No Coverage for Bank Claims Arising from Data Breach
A New York intermediate appellate court, applying New York law, has ruled that an insurance coverage claim, arising out of the theft of electronic credit card data and a subsequent suit by a bank arising out of the alleged misuse of that data, did not involve “property damage,” within the meaning of a comprehensive general liability policy. See RVST Holdings, LLC v. Main Street America Assurance Co., No. 521419, 2016 WL 634611 (N.Y. App. Div. Feb. 18, 2016). This decision further reinforces that there is very limited coverage for “data breach” claims outside the coverage afforded by specialized “cyber” policies.
The Present Decision
The policyholder, a fast-food company, stored its customers’ credit card information on its computer network, which was infiltrated by unknown individuals. These individuals unlawfully obtained the customers’ credit card information and used that information to make fraudulent charges. The claimant, a bank, filed suit against the policyholder, alleging that the policyholder had negligently failed to exercise reasonable care in safeguarding the information of the claimant’s cardholders. The claimant asserted that this negligence caused it to sustain damages related to its reimbursement of the fraudulent charges. The insurer refused to defend or indemnify the policyholder for the underlying suit, and the policyholder filed a declaratory action against the insurer seeking coverage. The trial court granted summary judgment to the policyholder.
On appeal, the court held that the insurer had no duty to defend because the underlying action arose out of the policyholder’s negligent handling of electronic data, which did not constitute a claim for “property damage” under the policy. The court noted that both the insurer and the policyholder agreed that the allegations in the underlying complaint were based upon losses due to the theft and subsequent misuse of electronic data. The parties also agreed that the electronically stored information at issue in the underlying action qualified as “electronic data” under the policy’s definition of that term. The court explained that, while the policy covered damages arising out of damage to tangible property, the policy specifically excluded “electronic data” from the definition of “tangible property.” The court also observed that the policy excluded “damages arising out of the loss of electronic data.” Therefore, the court held that the underlying action’s claim for damages arising out of the policyholder’s negligent handling of electronic data was not a claim for “property damage” under the policy.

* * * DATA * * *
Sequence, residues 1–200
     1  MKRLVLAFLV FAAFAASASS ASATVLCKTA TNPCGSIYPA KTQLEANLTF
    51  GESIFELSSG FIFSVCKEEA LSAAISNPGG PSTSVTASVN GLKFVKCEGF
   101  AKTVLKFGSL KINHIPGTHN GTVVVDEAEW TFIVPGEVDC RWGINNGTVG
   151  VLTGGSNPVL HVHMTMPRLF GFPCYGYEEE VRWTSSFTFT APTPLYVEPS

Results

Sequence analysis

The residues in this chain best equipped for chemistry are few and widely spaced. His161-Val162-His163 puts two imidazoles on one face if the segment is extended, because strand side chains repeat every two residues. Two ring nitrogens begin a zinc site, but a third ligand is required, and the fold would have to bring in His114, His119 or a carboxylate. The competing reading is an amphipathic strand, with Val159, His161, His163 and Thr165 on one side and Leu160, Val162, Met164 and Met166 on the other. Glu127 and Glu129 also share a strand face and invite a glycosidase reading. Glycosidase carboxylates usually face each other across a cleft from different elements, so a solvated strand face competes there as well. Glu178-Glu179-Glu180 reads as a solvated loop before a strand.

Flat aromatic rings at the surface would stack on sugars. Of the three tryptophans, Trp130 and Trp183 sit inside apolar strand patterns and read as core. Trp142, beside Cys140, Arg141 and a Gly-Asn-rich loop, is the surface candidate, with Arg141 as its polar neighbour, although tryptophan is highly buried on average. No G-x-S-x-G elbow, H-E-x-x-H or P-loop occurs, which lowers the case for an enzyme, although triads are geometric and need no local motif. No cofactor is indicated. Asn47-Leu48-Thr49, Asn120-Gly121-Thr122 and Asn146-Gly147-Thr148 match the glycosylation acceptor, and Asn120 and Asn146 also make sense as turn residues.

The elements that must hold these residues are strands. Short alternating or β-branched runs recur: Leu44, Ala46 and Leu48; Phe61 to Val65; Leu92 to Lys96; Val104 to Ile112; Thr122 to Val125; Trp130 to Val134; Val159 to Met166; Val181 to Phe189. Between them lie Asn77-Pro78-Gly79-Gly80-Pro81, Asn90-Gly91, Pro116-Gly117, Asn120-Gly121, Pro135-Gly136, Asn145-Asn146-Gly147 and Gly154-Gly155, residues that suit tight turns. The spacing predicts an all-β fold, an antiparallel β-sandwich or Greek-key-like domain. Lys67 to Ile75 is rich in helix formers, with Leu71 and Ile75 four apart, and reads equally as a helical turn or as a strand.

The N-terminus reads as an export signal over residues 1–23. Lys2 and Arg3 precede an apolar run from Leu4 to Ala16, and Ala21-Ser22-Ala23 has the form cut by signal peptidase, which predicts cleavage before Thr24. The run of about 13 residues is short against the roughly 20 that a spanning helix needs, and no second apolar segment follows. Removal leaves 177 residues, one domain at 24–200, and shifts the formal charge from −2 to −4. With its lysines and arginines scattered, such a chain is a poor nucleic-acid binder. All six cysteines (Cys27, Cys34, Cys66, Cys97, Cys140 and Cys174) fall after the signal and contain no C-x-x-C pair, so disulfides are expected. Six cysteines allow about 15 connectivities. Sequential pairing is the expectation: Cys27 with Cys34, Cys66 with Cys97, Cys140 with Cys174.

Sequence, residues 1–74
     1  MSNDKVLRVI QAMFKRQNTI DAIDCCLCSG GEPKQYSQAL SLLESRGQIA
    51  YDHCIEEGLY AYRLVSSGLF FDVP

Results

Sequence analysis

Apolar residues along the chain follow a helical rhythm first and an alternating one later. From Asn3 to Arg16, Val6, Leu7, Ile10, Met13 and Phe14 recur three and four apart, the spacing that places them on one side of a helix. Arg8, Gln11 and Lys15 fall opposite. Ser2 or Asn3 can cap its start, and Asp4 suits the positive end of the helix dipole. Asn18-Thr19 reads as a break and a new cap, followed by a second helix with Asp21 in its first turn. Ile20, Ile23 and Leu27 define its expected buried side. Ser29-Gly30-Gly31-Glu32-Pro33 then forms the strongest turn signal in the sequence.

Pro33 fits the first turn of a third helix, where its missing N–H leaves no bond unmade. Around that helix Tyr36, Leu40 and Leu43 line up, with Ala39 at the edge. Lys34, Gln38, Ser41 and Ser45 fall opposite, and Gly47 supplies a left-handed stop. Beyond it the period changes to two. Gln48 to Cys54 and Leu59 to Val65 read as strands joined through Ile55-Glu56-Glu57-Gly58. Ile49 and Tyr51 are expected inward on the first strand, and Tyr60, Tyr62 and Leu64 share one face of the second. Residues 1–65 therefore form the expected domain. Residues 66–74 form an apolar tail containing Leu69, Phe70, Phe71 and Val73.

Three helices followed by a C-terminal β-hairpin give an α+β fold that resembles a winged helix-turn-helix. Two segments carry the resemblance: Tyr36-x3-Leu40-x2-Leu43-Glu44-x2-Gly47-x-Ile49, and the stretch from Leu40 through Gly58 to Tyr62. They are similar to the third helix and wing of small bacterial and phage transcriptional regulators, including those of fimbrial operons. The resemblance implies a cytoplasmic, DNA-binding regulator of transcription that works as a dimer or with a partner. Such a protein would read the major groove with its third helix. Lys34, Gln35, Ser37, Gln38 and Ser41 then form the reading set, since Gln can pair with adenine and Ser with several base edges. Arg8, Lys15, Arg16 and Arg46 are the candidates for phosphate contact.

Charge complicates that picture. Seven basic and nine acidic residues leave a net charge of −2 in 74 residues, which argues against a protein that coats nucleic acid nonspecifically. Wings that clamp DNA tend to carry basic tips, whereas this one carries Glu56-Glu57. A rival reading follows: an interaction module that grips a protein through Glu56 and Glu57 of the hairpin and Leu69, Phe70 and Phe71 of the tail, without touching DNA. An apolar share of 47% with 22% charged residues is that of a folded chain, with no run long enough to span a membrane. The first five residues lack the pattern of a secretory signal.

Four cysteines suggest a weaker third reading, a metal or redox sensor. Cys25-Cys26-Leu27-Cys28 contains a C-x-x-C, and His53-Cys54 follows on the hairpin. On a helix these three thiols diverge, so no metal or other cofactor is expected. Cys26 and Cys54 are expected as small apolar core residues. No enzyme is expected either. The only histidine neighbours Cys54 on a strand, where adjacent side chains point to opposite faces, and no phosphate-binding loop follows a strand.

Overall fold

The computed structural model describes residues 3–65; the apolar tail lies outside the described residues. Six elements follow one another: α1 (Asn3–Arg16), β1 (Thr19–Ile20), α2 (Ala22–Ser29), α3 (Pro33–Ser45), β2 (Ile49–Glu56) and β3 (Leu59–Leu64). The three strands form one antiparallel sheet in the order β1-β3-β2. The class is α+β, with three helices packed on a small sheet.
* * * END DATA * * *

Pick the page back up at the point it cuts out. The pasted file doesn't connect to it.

The Emerging Trend
Under older policy forms, some policyholders sought coverage under “Coverage A” (property damage) of CGL policies for “data breach” claims. Although the better view is that electronic data cannot constitute “tangible property” under any definition of the term, see, e.g., Am. Online, Inc. v. St. Paul Mercury Ins. Co., 207 F. Supp. 2d 459, 466 (E.D. Va. 2002) (“Computer data is not tangible property.”), aff’d, 347 F.3d 89 (4th Cir. 2003) and State Auto Prop. & Cas. Ins. Co. v. Midwest Computers & More, 147 F. Supp. 2d 1113, 1116 (W.D. Okla. 2001) (“Alone, computer data cannot be touched, held or sensed by the human mind; it has no physical substance. It is not tangible property.”), the case law under older policy forms was mixed. See Computer Corner, Inc. v. Fireman’s Fund Ins. Co., 46 P.2d 1264 (N.M. Ct. App. 2002) (finding coverage for suit for loss of data from reformatting hard drive; “computer data is tangible property”); Am. Guar. & Liab. Ins. Co. v. Ingram Micro, Inc., No. CIV. 99-185 TUC ACM, 2000 WL 726789 (D. Ariz. Apr. 18, 2000) (concluding that loss of data on computer network constituted “property damage”).
More recently, however, policies have expressly excluded claims involving damage to (or loss of use of) electronic data. For example, many CGL policies bar coverage for “[d]amages arising out of the loss of, loss of use of, damage to, corruption of, inability to access, or inability to manipulate electronic data.” See ISO Form No. CG 00 01 12 04 (added in 2004). The RVST Holdings decision illustrates that these types of limitations will be given effect.
For more information please contact Edward R. Brown or Laura A. Foggan.